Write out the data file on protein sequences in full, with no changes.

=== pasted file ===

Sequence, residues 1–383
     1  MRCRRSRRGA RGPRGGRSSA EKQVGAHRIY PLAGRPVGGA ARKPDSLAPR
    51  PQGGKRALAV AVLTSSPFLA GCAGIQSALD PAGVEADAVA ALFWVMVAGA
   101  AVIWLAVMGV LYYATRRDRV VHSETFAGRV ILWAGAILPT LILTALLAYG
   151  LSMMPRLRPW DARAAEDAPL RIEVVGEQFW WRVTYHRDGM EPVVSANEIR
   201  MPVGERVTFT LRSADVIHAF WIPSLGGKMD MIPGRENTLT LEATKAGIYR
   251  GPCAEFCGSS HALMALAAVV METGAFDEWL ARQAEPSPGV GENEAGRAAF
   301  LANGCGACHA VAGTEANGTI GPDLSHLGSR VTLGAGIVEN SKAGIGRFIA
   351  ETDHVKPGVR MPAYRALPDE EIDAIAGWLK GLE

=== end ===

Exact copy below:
Sequence, residues 1–383
     1  MRCRRSRRGA RGPRGGRSSA EKQVGAHRIY PLAGRPVGGA ARKPDSLAPR
    51  PQGGKRALAV AVLTSSPFLA GCAGIQSALD PAGVEADAVA ALFWVMVAGA
   101  AVIWLAVMGV LYYATRRDRV VHSETFAGRV ILWAGAILPT LILTALLAYG
   151  LSMMPRLRPW DARAAEDAPL RIEVVGEQFW WRVTYHRDGM EPVVSANEIR
   201  MPVGERVTFT LRSADVIHAF WIPSLGGKMD MIPGRENTLT LEATKAGIYR
   251  GPCAEFCGSS HALMALAAVV METGAFDEWL ARQAEPSPGV GENEAGRAAF
   301  LANGCGACHA VAGTEANGTI GPDLSHLGSR VTLGAGIVEN SKAGIGRFIA
   351  ETDHVKPGVR MPAYRALPDE EIDAIAGWLK GLE